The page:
Widowhood has multiple challenges.  Being widowed while solo parenting is one of those difficulties.  Parenting teens is super easy… said no parent ever.  Today’s teens face more complexities in their lives than their parents did when they were teenagers.  Parenting comes with unrealistic expectations in modern times.  American parents are expected to plan, fix, shield, and hover.

Parenting culture includes providing a snack for your child’s teammates after every sports practice or game, but make sure it is gluten-free, GMO free, sugar-free and organic.  There is an expectation to stimulate your child’s mind every minute, plan educational and fun activities so they are never bored, and never let them get their feelings hurt.  In reality, kids need to face adversity, learn that they are not always going to win, and that not everyone is going to like them.  However, struggling is not something today’s kids and teens are familiar with.

I was never ‘all in’ with everybody receiving a snack for showing up.  However, I will tell you when you are ‘snack mom’ for the team there is peer pressure.  But I digress, protecting and hovering over our children is the accepted culture.  Sacrificing your own happiness for your child or children’s happiness is also an unspoken expectation of mothers.

One of the television shows that I watch, This is Us, addresses widowhood and solo parenting in a realistic way.  Rebecca, the widowed mother, finds herself suddenly a solo parent with 3 teens all the same age.  It is impossible not to notice the drastic changes that happen to Rebecca after her tragic loss.  Rebecca is often overwhelmed, but considers dating several times after the death of her husband.  She hesitates because she wants her kids to be happy.  Spoiler alert, fast forward 20 years and all 3 of her kids are still struggling to find happiness.

I personally don’t believe that widowed mothers should sacrifice their own happiness until their children are happy.  Finding happiness without feeling like I am making my daughter more unhappy is a challenge in my life.  I have been dating a terrific man named Greg for almost 2 years.  He is wonderful and I want to move forward with my life with him.  My teen daughter does not want to accept that I am with someone else mostly because it makes her sad.  Mothers don’t like when their children are sad.  It makes them feel sad too.  I do want my daughter to be happy and find her way in life after the tragic loss of her father.  Her struggle with unhappiness and my desire to move forward often causes conflict.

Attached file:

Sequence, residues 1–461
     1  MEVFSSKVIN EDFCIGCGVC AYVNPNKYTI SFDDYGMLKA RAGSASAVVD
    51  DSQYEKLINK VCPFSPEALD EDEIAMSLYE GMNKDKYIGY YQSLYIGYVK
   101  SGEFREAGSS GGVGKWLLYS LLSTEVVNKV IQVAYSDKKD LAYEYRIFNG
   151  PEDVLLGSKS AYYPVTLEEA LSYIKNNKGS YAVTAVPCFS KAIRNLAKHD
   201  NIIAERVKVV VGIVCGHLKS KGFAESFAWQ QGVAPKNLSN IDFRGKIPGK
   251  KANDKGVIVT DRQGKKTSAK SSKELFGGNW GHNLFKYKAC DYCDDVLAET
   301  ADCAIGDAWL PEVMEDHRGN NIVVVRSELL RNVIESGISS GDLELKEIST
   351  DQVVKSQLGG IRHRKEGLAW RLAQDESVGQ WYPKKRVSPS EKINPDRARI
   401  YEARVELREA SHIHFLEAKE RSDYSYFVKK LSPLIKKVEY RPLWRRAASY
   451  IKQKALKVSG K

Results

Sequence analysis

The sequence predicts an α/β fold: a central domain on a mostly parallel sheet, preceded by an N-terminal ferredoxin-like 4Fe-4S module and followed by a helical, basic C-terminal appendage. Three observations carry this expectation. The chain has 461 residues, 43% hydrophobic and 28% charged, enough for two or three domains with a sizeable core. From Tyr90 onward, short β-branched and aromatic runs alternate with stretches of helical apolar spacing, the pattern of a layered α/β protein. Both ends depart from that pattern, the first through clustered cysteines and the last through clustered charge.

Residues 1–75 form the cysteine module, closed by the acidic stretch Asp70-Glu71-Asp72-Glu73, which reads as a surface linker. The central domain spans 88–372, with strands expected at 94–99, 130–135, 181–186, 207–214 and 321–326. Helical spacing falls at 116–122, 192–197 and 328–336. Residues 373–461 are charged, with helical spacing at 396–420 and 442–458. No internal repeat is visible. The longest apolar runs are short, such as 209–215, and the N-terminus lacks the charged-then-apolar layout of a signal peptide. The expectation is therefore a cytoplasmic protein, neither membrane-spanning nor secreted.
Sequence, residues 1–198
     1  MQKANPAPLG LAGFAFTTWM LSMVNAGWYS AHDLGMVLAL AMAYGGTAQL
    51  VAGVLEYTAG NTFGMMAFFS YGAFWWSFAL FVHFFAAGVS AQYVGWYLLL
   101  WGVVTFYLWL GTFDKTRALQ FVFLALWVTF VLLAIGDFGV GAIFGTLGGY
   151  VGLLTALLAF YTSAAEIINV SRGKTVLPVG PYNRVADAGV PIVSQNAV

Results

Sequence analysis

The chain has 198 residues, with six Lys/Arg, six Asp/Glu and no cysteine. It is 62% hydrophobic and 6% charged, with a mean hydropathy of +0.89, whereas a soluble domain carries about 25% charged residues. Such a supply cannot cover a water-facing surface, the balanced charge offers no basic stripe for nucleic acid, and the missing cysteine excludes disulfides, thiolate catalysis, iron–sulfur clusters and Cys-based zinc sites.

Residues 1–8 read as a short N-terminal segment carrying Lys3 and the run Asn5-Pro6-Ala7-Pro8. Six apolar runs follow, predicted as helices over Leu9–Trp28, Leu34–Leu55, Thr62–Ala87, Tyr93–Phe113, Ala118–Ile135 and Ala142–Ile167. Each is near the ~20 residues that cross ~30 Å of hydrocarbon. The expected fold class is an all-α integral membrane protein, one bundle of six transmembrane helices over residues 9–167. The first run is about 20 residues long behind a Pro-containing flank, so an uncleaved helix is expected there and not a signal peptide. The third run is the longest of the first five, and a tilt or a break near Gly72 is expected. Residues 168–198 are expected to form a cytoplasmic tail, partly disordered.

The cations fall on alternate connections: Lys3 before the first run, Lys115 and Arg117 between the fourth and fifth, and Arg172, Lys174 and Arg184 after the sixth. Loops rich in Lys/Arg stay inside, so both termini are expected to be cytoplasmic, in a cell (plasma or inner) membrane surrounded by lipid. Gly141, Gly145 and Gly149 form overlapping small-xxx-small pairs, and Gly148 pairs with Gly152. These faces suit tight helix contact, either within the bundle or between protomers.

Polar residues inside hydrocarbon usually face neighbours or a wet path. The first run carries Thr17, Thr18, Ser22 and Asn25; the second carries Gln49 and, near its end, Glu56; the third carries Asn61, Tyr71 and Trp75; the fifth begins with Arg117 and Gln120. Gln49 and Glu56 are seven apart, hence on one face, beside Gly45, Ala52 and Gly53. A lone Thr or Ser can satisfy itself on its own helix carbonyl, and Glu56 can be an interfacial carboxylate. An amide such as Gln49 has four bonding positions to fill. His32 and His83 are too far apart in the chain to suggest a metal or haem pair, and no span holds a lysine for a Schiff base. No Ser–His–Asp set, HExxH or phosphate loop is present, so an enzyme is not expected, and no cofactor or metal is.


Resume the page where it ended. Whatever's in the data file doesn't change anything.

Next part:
I often think about something my late husband said to me.  He said, “I worry about our daughter having a life that is too easy.  She has never had to struggle or overcome anything.”  He said that most people who achieve great things overcome something difficult.  Now, my sweet girl who was always adored and the center of both her parent’s universe is having to overcome her father’s tragic death.  She will likely struggle with this event for the rest of her life.

As a role model for my daughter, I don’t want her to believe that mothers have to sacrifice their own happiness to make their children happy.  I would never want her to live her life in a way that is making her miserable.  I want to teach her to be true to herself and to believe in herself.  Being true to myself, believing in myself, and achieving my own happiness while being a role model for my daughter are my daily struggles.


Northern Virginia has been Jennifer Carstens’ home since she was a teenager. She met John when she was working at the D.E.A. Headquarters in Arlington, VA, during the summer when she was in college. Honestly, it was love at first sight for both of them. He had a way about him that made her feel like everything was going to be okay. They were married 4 years later and lived happily for the next 21 years. While their lives were not
flawless, they were close to perfection. Their daughter had just turned 16 when tragedy struck on March
11, 2017. John was healthy and happy, but suffered a massive brain stem hemorrhagic stroke. Much to
their horror, he slipped into a coma, and would never wake again. He was 49-years young. Their daughter
is now 18 and they are still piecing together their ‘new normal.

Jennifer believes he would be proud of the ways they are moving forward. They continue to seek peace and healing through humor, love, and sometimes tears.